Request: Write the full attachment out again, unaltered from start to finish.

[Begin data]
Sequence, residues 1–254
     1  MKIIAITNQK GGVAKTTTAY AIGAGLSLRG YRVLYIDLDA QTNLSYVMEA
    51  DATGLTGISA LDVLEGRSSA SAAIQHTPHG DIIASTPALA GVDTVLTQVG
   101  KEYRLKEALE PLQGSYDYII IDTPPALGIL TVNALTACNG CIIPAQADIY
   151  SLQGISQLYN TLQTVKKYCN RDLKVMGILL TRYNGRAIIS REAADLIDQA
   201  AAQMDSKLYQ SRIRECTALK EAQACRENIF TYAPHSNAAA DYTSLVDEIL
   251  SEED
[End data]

Sequence, residues 1–254
     1  MKIIAITNQK GGVAKTTTAY AIGAGLSLRG YRVLYIDLDA QTNLSYVMEA
    51  DATGLTGISA LDVLEGRSSA SAAIQHTPHG DIIASTPALA GVDTVLTQVG
   101  KEYRLKEALE PLQGSYDYII IDTPPALGIL TVNALTACNG CIIPAQADIY
   151  SLQGISQLYN TLQTVKKYCN RDLKVMGILL TRYNGRAIIS REAADLIDQA
   201  AAQMDSKLYQ SRIRECTALK EAQACRENIF TYAPHSNAAA DYTSLVDEIL
   251  SEED